A convoy of Russian humanitarian aid to the beleaguered city of Luhansk in eastern Ukraine remained stuck in no man's land at the border with Ukraine on Thursday, though Ukrainian border guards said they had begun to inspect it.
The convoy of 260 trucks set out from the Moscow region early last week, but Kyiv, suspicious that it could be a covert operation to somehow help the rebels, has insisted on scrupulous border formalities before allowing anything to come into Ukraine under supervision of the Red Cross.
It was not clear when the trucks would be authorised to enter Ukrainian territory. The border crossing point at Izvaryne is under rebel control.
Government forces, despite big losses in men and planes by separatists whom they say are armed with tanks, missiles and other heavy weaponry from Moscow, pressed forward yesterday, a military spokesman said.
It said the loss of the 16 interior ministry special forces members at Ilovaisk was serious.
"It represents 25% of all deaths in the special forces throughout the entire anti-terrorist operation. This shows quite how fierce fighting is there," interior ministry adviser Anton Gerashchenko said in a post on Facebook.
"According to commanders, in Ilovaisk they're fighting against well-trained Russian mercenaries," he said.
Elsewhere, three refugees including a five-year-old child were killed when rebel gunfire hit their car as they fled the rebel stronghold of Luhansk, Ukrainian military spokesman Andriy Lysenko said.
The United Nations says the fighting has claimed more than 2,000 lives on both sides.
The Russian Ministry of Foreign Affairs issued a statement, asking the UN Security Council to adopt a resolution for enforcing a truce in the Eastern Ukraine region where the supply of the Russian humanitarian assistance is expected to take place.
“Now the main thing is to ensure that at the stage following convoys to the destination were excluded any faults. The Russian side confirms firm security guarantees for the ongoing action. Similar guarantees, as it is known, were also provided by the Ukrainian authorities and the rebels.
We warn of possible provocations to disrupt the delivery of aid.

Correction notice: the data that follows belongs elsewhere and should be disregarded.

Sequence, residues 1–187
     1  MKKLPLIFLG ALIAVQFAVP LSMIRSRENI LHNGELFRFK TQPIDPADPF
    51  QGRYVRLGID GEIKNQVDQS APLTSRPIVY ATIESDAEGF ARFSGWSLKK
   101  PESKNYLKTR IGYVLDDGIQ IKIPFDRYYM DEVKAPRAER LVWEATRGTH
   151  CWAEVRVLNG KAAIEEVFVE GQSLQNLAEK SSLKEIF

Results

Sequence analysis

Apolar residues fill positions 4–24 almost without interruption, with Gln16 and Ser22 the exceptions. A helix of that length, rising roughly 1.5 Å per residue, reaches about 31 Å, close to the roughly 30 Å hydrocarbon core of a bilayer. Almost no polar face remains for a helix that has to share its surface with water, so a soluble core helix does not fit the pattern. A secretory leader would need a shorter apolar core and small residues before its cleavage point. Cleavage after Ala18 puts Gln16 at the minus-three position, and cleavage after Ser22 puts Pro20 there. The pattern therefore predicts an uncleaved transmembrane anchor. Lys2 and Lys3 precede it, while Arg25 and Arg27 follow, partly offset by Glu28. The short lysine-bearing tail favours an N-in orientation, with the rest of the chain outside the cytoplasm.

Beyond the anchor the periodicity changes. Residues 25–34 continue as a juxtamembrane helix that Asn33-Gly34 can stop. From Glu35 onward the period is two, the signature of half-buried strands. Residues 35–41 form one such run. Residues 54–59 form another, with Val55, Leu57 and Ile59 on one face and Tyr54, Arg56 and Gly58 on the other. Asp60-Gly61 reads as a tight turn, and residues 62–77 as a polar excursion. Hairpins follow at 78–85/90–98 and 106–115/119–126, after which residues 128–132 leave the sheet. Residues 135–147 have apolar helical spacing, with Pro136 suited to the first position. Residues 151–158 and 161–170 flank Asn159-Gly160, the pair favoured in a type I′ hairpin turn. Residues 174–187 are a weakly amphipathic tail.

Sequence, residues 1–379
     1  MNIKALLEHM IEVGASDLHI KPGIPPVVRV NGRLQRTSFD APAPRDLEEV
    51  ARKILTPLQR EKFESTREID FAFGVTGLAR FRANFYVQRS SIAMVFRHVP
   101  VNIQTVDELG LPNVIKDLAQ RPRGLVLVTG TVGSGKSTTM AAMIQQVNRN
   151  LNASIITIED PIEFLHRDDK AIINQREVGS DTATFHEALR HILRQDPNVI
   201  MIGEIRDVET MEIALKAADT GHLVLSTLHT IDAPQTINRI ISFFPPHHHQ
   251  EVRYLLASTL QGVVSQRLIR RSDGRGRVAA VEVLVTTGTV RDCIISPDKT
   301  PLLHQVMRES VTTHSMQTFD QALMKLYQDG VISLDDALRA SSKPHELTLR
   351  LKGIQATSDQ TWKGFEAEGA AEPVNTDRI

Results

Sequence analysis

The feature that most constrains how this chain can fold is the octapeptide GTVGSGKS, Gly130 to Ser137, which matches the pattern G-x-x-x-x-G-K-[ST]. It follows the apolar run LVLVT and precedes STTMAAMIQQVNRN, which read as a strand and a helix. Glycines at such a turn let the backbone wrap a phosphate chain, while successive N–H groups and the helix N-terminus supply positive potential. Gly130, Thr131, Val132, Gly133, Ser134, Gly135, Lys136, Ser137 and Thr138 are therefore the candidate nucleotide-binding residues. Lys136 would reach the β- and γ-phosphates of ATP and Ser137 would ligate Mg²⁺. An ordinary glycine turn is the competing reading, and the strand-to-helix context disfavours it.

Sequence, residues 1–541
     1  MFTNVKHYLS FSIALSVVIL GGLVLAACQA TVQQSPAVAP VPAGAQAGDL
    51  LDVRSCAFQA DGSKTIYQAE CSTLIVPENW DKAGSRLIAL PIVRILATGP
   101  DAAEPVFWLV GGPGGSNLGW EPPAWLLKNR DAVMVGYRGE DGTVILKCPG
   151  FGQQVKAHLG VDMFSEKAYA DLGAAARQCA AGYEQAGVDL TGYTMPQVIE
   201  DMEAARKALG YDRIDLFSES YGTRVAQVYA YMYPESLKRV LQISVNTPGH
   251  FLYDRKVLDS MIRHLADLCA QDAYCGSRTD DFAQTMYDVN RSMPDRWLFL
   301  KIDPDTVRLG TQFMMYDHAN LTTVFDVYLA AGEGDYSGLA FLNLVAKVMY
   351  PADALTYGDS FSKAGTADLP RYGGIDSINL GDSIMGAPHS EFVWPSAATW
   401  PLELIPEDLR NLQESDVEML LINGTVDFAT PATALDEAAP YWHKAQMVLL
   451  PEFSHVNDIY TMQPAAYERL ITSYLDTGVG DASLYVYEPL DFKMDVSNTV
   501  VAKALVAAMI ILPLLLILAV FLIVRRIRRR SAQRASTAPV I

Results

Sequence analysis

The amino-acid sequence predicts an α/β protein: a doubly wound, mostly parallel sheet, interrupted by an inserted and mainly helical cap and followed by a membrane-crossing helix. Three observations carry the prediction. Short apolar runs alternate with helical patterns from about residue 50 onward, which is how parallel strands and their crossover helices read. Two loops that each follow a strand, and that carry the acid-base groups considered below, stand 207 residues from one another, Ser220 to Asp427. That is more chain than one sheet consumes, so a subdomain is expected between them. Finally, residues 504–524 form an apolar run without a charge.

We urge the parties involved in the conflict to declare a cease-fire for the duration of this action, and propose that the UN Security Council would issue an appropriate statement.”
The Czech Foreign Minister Lubomir Zaoralek said yesterday (21 August) the EU should stick to targeted sanctions imposed on Russia over the Ukraine crisis despite Moscow responding with sanctions that are hurting Europe's economy.
EU unity on the matter showed signs of fraying after Hungarian Prime Minister Viktor Orbán said last Friday that the 28-nation bloc had "shot itself in the foot" and that the sanctions policy should be reconsidered.
His comments came a day after Slovak counterpart Robert Fico criticised the sanctions as "meaningless", saying they would threaten economic growth in the EU.
"I can hardly imagine what alternatives we had," Czech Foreign Minister Lubomir Zaoralek said after meeting Czech business officials.
"I feel we should stand by that and it is not difficult to say why have done it," he said. Zaoralek mentioned Russia's annexation of Crimea in March as well as the shooting down in July of a Malaysian airliner over Ukrainian territory where pro-Russian separatists and government forces are fighting.
- 23 Aug.: Angela Merkel to visit Kyiv;
- 26 Aug.: Poroshenko to attend Customs Union summit in Minsk;
- 30 Aug.: EU leaders hold summit in Brussels;
- 30 Aug.: Poroshenko to meet with EU leaders in Brussels;
- 4-5 Sept.: Poroshenko to attend NATO summit in Cardiff.